We talk with lenders and AMCs every day who have invested significant time and expense in building customized software tools. Unfortunately, these projects commonly fail so it’s important to understand the risks, as well as the disadvantages of totally customized software solutions.
There’s no shortage of software developers in need of work, and they’ll offer to build anything you need. Before going that route, consider these risks:
1.) You won’t always get what you want. There’s nothing wrong with software developers, but they don’t necessarily understand your business or your workflow, and they aren’t familiar with the critical compliance requirements of our industry. Even if you are experienced at writing software product specifications, there will undoubtedly be challenges in the project that neither side of the equation took into account. Sometimes these issues will derail an entire project, or they can add significant unbudgeted expense.
2.) Updating your software will be difficult and expensive. As you need modifications or updates to solve compliance issues, your expenses can skyrocket. Depending upon how the developer built the initial application, making changes could be harder than they should be and take longer than you can afford to wait.
3.) Compliant third party oversight can be impossible. Many software development firms aren’t equipped to support your business, especially if it’s a critical software application. The OCC and CFPB have made it clear that you must oversee your third party vendors, and smaller software firms may not have the disaster recovery plans or reliability ratings those agencies mandate.
4.) You risk missing out on profits and other benefits. If you choose a software platform used by a large sector of the industry, you’re essentially crowd sourcing efficiency tools. That means you benefit from the ideas of other firms in your industry as they get added to platforms. If you aren’t sharing knowledge, you’re undoubtedly missing out on workflow tools your competitors are enjoying to save expenses and time. You can try to copy these features, but again you’ll be hit with expenses and delays.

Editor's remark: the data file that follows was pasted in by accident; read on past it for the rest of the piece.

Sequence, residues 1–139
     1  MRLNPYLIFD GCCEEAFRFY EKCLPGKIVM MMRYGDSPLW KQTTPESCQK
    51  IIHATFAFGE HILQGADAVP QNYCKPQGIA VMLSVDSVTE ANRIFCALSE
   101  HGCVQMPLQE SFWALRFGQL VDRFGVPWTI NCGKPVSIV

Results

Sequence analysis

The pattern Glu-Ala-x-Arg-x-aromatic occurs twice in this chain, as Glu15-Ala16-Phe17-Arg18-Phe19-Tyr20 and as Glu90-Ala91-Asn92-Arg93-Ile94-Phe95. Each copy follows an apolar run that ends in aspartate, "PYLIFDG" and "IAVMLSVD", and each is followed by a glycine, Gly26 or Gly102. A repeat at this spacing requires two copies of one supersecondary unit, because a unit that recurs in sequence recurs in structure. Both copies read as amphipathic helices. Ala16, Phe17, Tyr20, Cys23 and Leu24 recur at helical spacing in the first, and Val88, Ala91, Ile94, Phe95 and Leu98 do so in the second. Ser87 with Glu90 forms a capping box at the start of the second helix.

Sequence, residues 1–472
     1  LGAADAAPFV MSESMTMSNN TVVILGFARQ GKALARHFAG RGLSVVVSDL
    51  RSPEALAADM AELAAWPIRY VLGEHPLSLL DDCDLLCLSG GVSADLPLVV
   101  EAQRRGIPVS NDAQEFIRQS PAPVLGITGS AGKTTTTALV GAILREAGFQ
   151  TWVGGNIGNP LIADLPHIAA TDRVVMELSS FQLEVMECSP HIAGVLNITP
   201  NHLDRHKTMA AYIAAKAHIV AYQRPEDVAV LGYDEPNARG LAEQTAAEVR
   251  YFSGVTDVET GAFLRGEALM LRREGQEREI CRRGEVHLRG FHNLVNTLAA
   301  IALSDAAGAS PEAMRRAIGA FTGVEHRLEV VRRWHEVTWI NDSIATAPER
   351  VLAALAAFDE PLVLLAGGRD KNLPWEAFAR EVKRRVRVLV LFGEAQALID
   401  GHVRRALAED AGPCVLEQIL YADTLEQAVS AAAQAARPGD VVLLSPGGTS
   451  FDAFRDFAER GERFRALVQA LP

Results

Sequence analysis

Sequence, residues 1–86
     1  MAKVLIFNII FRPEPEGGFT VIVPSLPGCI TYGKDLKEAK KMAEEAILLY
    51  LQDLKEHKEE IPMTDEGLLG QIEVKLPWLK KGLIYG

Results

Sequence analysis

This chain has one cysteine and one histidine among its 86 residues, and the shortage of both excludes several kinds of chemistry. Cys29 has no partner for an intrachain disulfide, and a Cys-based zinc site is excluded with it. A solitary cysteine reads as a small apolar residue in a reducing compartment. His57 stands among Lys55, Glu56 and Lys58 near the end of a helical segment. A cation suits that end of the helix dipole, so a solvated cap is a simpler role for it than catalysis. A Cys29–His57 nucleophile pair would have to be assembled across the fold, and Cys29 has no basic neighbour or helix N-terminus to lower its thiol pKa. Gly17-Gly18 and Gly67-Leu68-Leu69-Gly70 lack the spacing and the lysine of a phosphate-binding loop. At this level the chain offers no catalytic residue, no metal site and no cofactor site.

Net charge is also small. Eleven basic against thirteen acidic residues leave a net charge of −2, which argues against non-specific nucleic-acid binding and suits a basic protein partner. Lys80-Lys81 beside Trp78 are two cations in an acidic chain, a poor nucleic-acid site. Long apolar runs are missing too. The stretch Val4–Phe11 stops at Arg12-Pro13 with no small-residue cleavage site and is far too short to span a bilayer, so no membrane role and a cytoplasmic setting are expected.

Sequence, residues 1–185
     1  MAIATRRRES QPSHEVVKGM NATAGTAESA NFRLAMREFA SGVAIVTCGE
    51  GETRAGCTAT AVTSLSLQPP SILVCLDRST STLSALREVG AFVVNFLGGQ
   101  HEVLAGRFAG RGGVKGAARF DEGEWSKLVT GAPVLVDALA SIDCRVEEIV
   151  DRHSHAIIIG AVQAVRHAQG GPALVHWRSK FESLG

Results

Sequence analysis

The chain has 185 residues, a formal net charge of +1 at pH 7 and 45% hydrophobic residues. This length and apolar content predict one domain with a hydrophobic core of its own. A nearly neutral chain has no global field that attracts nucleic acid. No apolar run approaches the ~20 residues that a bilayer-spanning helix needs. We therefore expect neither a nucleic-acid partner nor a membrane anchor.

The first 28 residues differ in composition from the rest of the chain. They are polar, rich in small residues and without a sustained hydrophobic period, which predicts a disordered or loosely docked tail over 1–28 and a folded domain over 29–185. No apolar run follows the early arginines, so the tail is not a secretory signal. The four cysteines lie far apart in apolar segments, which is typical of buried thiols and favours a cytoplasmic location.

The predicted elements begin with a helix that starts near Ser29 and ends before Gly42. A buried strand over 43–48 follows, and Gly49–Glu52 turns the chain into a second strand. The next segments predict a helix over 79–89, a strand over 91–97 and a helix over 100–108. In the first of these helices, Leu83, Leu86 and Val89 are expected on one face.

5.) You risk serious compliance vulnerabilities. Platforms used by hundreds of lenders and AMCs include tools that streamline their compliance with regulations. Again, these firms are crowdsourcing smart solutions for consistent compliance, and if you’re going it alone you could be missing out on critical safeguards that will save your firm from penalties and reputational risk.
Using a popular platform doesn’t mean you have to sacrifice customized features tailored for your operations. Most of the larger platforms have many customization options built-in, and reputable companies will even provide customized solutions that fit inside the platform to satisfy a customer’s unique needs.
If you’ve considered a custom software solution, take a look at the platforms available first. One of the criteria for selection should be how often the platform adds features and how responsive they are to their customers’ wishes. Ask the provider how they gather customer feedback to add new features, and ask to see a schedule of updates made to the software in the past twelve months. The new regulations continuously placed upon our industry mean successful platforms have to be nimble with new features, so require updates at least quarterly.
Custom software is tempting, but our experience has shown the risks outweigh the benefits. Even on the rare occasions that custom software is actually delivered on time and on budget, that’s just (literally) the beginning. The disadvantages are real and could end up costing you far more than the project did in the first place.
About The Author
Jennifer Miller is president of Mercury Network, a web-based software platform used by more than 600 lenders and AMCs to manage compliant collateral valuation workflow. Jennifer can be reached at Jennifer@MercuryVMP.com.